Less than a year since civil unions became legal in Illinois, a push to give same-sex couples the right to marry has emerged at the state Capitol with the support of high-profile public figures but also much skepticism that gay marriage will be approved this year.
The divisiveness of the issue was illustrated last week when Washington state's governor signed gay marriage into law and New Jersey's governor vetoed it. In Illinois, Chicago Mayor Rahm Emanuel and several statewide officials back gay marriage, but the topic is replete with potential political repercussions that many lawmakers want to avoid during an election year.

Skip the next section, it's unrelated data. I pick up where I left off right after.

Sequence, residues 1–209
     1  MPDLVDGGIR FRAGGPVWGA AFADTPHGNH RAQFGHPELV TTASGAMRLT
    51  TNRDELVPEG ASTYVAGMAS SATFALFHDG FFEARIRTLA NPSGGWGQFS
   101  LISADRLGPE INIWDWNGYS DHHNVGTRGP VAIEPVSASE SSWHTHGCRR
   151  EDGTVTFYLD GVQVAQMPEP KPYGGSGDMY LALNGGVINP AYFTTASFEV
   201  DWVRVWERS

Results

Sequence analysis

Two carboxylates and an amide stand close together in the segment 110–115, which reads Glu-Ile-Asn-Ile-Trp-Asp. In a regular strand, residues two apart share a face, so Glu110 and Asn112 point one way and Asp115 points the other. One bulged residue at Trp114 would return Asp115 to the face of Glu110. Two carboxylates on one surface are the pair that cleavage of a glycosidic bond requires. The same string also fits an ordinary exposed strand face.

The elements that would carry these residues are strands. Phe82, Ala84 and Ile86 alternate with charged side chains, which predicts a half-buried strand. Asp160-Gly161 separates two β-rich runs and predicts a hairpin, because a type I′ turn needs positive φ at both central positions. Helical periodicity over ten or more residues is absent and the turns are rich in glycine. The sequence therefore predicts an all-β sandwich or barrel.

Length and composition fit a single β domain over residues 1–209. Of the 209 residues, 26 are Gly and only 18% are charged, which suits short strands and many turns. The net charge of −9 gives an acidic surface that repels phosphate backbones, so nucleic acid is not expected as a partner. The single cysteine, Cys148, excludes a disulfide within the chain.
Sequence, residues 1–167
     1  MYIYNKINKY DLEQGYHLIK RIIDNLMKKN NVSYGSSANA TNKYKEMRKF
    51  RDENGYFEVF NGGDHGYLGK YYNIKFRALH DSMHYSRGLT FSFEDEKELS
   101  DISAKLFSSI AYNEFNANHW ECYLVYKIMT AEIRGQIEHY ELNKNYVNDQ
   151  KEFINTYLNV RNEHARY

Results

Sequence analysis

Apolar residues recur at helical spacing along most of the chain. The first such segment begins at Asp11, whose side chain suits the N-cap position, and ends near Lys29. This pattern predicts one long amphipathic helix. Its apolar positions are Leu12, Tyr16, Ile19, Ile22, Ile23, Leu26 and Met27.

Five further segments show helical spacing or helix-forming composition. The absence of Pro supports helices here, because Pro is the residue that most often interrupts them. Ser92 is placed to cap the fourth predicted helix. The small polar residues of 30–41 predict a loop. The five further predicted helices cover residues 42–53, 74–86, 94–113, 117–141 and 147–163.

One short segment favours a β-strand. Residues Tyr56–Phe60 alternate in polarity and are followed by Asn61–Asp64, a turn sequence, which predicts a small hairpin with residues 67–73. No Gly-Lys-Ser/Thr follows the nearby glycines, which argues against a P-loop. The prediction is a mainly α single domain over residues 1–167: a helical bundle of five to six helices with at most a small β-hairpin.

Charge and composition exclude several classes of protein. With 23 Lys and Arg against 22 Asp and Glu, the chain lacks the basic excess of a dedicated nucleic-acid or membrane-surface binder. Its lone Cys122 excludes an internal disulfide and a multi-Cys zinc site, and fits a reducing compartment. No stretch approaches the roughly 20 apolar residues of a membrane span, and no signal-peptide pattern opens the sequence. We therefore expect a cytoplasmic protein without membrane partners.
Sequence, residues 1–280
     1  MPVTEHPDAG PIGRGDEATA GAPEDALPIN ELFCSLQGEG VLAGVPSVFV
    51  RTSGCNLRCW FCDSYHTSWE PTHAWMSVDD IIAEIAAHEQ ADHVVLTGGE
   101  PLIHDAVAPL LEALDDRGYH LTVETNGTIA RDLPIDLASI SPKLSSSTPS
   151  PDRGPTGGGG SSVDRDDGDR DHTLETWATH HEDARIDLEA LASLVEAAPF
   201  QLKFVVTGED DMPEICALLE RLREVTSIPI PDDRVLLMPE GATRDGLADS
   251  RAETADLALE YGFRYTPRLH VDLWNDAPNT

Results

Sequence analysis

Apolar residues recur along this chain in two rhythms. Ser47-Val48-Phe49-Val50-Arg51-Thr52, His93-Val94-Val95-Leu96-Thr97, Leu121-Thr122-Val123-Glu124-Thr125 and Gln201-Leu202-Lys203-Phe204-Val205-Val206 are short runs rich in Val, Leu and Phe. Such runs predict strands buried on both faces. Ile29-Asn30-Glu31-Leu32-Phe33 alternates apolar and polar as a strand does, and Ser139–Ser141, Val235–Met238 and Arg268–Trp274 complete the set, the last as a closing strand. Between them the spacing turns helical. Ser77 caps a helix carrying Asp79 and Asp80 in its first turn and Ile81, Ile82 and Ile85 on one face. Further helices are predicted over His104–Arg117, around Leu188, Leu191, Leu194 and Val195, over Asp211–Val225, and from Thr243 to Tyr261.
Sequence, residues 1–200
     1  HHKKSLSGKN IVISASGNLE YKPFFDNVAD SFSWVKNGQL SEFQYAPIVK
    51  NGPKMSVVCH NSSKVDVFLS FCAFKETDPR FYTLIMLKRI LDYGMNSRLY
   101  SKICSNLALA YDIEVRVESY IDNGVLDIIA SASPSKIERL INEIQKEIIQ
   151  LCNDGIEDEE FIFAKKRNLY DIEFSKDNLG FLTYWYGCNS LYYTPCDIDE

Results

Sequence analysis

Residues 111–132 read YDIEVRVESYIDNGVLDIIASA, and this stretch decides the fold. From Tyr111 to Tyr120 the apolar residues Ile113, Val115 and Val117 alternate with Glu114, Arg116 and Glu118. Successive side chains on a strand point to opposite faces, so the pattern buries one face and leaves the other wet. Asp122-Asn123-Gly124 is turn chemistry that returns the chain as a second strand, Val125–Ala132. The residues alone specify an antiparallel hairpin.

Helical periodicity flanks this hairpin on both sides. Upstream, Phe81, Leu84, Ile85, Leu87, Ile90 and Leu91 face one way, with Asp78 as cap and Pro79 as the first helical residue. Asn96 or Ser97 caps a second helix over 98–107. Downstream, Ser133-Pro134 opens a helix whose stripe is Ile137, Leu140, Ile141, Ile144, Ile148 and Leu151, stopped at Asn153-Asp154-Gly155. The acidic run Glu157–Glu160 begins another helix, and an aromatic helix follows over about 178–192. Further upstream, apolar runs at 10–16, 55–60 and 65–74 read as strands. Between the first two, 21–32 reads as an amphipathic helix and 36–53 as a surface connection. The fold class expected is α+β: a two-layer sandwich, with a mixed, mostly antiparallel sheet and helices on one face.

The conventional wisdom in Springfield is that lawmakers will first focus on winning March 20 primary contests as they run in new districts and then attempt to pass a budget and escape the spring session taking as few controversial votes as possible.
"It's going to be a tough year to pass any legislation that's outside of budget and pension issues," said Sen. David Koehler, a Peoria Democrat who championed the civil union legislation. "It's going to more of an election-year agenda in the state Legislature."
And that battle last year for civil unions was a close, close thing. I'm not sure this effort will end up going anywhere, but then again with Rahmbo twisting arms, who knows. It would be another big boost in a blue state with a population of nearly 13 million in shifting the debate that allowing same-sex marriage does absolutely nothing to "threaten" existing marriages in the country.
We'll see how this goes.